“In the village we could only eat what we grow and catch, but now everything can be sold and bought. Everything has become mechanised and easy now compared to my parents’ era,” said Wang.
“I often miss the cuttlefish. I imagine I would be very busy around this season if I was in the past. The cuttlefish was free and easily available back then, but now it is very expensive.”
Chinese cuttlefish prices saw double-digit growth in the 1990s as middle-income demand for seafood boomed, according to figures from the UN’s Food and Agriculture Organisation. It was not the only price surge driven by a nascent middle class. The prices of city properties bought by those that left the villages of Shengsi archipelago and other regions ballooned, reaching almost 13 per cent annual growth in 2016.
Millions of families piled their life savings into apartment towers stacked 12 blocks wide and 20 storeys high as the country opened up and investment flowed in during the 1990s and 2000s.
They left the villages in their droves and found better jobs for themselves and schools for their children. With them came property speculators that would ride the wave of worker optimism, driving prices ever higher, and developers who would take a bet on building small cities before people could fill them.
The runaway growth was not sustainable. The bubble burst when the Chinese government stepped in last year, tightening regulations on lending. Now, dozens more abandoned towns lie on the Chinese mainland. Few are as scenic as Houtouwan.
Unlike the village, they are victims not of economic promise but disappointment. China’s second-largest developer Evergrande is on the verge of bankruptcy. It sold more orders of the Chinese dream than it could fill. Evergrande found itself barred from taking on more debt because it had failed three key stress tests the government implemented last year. It now has $400 billion in debt that it will struggle to service in a falling market. Some 800 of its projects remain unfinished, those that have been built are struggling to find buyers in a market that has dropped 15 per cent in the past year.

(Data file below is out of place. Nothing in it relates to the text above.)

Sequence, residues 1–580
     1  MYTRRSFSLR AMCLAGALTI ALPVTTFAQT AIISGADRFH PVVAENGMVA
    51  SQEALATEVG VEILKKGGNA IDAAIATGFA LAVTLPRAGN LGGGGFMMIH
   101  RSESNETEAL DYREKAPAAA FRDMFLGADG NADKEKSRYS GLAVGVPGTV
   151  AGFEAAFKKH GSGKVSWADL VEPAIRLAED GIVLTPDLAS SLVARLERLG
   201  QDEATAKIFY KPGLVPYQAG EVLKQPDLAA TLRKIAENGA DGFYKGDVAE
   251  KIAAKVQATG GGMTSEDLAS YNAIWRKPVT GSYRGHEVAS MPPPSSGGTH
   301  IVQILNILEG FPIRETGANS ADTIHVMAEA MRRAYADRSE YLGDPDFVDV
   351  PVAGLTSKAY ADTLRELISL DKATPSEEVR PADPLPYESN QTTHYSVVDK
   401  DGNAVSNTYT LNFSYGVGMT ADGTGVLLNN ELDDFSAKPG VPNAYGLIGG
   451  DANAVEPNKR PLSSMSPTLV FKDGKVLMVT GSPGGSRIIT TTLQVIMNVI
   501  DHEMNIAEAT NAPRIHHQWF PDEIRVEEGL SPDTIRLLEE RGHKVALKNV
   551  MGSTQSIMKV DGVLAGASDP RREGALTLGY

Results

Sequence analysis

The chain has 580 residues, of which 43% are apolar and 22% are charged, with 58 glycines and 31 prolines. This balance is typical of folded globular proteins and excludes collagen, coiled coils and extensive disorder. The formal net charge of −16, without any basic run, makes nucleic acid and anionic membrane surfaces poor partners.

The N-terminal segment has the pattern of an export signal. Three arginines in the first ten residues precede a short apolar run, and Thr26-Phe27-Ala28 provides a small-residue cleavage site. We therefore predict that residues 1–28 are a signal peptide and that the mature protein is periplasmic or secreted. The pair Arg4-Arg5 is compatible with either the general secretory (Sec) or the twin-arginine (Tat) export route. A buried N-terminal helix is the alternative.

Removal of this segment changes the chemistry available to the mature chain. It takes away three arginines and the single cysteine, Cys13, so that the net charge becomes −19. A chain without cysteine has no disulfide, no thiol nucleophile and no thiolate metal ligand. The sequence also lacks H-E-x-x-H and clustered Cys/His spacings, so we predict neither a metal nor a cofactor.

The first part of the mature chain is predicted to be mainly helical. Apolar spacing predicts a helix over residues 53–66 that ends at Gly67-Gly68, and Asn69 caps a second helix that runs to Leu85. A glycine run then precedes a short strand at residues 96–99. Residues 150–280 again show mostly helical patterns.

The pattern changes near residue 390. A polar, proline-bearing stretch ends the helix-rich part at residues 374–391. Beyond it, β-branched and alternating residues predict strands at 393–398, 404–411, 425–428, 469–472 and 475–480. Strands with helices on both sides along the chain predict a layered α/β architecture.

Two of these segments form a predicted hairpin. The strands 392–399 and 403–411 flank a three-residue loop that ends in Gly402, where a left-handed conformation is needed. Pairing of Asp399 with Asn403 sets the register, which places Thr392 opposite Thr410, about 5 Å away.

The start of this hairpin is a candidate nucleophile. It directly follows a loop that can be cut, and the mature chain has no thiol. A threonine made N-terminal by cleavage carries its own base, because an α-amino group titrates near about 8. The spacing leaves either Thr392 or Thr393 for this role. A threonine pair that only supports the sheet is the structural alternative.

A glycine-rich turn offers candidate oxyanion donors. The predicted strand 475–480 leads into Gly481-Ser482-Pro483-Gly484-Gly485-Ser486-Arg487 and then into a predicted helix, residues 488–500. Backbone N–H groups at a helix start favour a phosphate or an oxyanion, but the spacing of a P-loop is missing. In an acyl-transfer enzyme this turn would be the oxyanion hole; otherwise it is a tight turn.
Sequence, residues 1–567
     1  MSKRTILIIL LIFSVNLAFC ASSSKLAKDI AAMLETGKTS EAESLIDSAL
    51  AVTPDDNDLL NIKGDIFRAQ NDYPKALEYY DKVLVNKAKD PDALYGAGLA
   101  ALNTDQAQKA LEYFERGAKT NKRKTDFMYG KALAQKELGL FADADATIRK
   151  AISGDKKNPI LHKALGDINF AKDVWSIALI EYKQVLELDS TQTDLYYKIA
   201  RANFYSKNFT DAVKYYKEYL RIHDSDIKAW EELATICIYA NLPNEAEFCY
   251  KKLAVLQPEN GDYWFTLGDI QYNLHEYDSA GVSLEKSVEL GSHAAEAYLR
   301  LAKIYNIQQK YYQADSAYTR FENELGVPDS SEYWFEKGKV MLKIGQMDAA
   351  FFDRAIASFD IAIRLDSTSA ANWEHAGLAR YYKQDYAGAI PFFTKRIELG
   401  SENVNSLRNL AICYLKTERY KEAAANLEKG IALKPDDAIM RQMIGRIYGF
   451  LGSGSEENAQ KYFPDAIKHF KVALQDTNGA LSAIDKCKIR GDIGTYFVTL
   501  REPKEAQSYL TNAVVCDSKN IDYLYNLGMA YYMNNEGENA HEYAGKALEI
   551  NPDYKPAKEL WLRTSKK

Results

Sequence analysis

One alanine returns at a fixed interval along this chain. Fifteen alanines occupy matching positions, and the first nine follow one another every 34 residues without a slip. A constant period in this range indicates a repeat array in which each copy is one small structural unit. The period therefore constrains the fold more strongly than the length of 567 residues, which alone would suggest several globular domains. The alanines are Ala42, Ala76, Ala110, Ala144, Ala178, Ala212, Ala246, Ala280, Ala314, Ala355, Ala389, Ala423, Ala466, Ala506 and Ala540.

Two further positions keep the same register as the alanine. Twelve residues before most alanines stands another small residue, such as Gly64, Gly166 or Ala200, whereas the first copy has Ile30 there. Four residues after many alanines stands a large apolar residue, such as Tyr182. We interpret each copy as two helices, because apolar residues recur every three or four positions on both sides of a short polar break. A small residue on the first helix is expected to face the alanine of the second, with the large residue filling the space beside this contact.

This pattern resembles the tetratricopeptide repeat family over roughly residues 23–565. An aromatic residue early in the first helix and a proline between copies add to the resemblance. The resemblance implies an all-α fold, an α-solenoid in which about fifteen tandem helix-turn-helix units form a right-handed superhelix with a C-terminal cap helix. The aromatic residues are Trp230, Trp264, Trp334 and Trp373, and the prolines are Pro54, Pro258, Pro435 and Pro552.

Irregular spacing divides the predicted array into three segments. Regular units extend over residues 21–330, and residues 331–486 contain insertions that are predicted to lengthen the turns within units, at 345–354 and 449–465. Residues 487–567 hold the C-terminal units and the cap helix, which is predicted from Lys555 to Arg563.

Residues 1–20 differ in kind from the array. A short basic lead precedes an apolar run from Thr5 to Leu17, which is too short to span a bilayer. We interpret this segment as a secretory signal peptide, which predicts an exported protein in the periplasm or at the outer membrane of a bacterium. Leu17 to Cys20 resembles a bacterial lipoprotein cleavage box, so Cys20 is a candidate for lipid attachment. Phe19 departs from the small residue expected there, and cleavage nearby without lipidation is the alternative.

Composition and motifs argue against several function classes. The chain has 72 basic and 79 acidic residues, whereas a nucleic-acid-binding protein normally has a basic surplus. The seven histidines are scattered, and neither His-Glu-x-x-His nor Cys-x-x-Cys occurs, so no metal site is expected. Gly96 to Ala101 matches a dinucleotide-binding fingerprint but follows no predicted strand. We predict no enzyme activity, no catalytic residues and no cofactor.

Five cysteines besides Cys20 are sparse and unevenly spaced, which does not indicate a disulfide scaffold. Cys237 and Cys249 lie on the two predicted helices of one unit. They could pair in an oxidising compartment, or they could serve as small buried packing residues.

Thousands of its own employees and investors are now protesting at its headquarters as the Chinese government weighs up whether to step in.
“In China, 90 per cent of people own their own home,” said Roland Houghton, an analyst at Milford Asset Management. “And 40-60 per cent of an individual or family’s balance sheet assets is made up of their homes. It’s incredibly important to ensure that there’s no material, contagion impacts, throughout the Chinese economy.”
Logan Wright, a director at Rhodium Group, told The Financial Times on Wednesday that there was enough empty property in China to accommodate more than 90 million people. That is the population of Australia housed four times over.
If they remain empty no vines will grow over the buildings left behind. Their fate is more likely to be that of the 15 highrises demolished in Kunming in August, reduced to rubble by thousands of controlled explosions.
Cai Yaqin, 69, was the last person to move out of Houtouwan. She said her family was reluctant to go but eventually with no school, limited transportation and everyone else gone, they were left with little choice.
“I lived in the village for almost 45 years,” she said. “We were the last family to move out because we built a nice three-storey house. It felt like a waste to abandon it.”
Today, local tourists come to the Shengsi Islands to see remnants of a simple life that has long since disappeared from Chinese metropolises.
Tang Yaxue, 65, and her husband are the only two villagers who have returned to work in Houtouwan.
She runs a small food and drinks stand for tourists at her former two-storey home, pointing to the building that has almost collapsed next to them. “Life was pretty good when we lived here,” she said.
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